Flyback Winding Adds 12V Output to 5V Buck Regulator


In this design note a flyback winding on the inductor of a 5V regulator enables a second linear regulator to generate a 12V output. The step-down/flyback design uses a smaller transformer and has higher efficiency than standard flyback converters. The MAX738A switching converter and the MAX667 voltage regulator are featured in the design.

The buck-regulator switching converter (MAX738A) of Figure 1 is essentially a 5V supply with a 200mA output capability. Adding the flyback winding on the main inductor (forming transformer T1) enables an additional low-dropout linear regulator (IC2 to produce the 12V output (VP-P) required for programming EEPROMs. The required input voltage is 8V to 16V.

Figure 1. A flyback winding on the inductor of this 5V regulator enables a second regulator (IC2) to generate a 12V output.
More detailed image

Figure 1. A flyback winding on the inductor of this 5V regulator enables a second regulator (IC2) to generate a 12V output.

Integrating the 12V supply with the main 5V supply is desirable in terms of size and cost. But some such schemes have drawbacks: A standard flyback converter with a multi-winding transformer, for example, must store large amounts of energy in the core, requiring a bulky transformer.

The buck converter with flyback winding is an optimum choice when stepping down to a 5V from relatively high-voltage battery pack. Compared with standard flyback converters, the stepdown/flyback approach offers a smaller transformer and considerably higher efficiency.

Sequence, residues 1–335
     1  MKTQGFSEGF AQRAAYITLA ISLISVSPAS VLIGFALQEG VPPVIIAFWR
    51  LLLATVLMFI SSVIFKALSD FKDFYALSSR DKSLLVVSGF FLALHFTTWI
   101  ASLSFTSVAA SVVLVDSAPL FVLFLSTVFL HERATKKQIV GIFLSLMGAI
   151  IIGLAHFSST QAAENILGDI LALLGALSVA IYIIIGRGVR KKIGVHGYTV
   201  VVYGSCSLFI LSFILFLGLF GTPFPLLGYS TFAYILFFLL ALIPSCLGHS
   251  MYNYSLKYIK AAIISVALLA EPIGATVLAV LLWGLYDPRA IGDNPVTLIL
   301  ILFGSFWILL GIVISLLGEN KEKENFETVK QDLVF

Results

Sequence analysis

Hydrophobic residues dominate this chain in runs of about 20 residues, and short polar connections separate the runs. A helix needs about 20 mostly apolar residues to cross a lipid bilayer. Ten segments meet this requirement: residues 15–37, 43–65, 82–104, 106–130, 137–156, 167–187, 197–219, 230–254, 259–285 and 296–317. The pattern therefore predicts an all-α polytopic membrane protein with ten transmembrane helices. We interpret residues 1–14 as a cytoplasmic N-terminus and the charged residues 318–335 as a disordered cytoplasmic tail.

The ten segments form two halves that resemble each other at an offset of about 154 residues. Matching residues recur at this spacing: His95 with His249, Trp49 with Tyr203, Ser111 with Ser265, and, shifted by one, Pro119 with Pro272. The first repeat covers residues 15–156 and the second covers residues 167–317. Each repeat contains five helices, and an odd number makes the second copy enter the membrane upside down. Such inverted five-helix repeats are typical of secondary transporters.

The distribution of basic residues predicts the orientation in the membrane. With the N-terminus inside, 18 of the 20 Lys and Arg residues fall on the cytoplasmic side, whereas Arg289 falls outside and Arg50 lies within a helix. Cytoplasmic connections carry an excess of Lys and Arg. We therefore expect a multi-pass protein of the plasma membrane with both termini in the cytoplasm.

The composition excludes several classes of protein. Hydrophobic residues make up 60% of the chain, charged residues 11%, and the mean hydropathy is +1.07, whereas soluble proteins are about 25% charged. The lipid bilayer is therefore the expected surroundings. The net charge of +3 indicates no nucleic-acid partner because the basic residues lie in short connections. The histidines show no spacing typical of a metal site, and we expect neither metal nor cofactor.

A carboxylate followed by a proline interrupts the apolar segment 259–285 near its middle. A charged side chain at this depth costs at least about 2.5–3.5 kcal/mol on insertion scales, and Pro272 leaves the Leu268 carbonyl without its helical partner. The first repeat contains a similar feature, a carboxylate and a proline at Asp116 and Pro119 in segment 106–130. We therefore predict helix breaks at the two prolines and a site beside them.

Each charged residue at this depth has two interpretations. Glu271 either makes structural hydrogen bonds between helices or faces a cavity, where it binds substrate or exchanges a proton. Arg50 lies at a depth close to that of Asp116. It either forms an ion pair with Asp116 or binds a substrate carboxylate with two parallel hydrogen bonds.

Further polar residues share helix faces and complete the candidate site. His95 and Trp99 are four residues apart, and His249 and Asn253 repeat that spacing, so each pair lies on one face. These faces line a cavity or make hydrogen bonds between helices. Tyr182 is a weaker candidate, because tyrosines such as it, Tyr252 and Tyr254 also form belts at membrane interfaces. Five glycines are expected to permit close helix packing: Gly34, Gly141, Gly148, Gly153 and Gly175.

The main regulator (IC1) includes most functions necessary for buck regulation, including a p-channel power MOSFET for the switching transistor. The transformer's winding polarities assure that current flows in the 12V secondary only during the primary discharge cycle—a condition that applies 5V across the primary. This primary excitation is constant regardless of input voltage level, and assures good accuracy and good load regulation for the 12V output (provided you maintain a fairly heavy load on the 5V output).

You should maintain a light minimum load on the 12V output to keep it from creeping up. Note that returning the secondary winding to 5V rather than ground results in fewer transformer windings and more power to the 12V load. You can switch the 12V output on and off via IC2's SHDN input.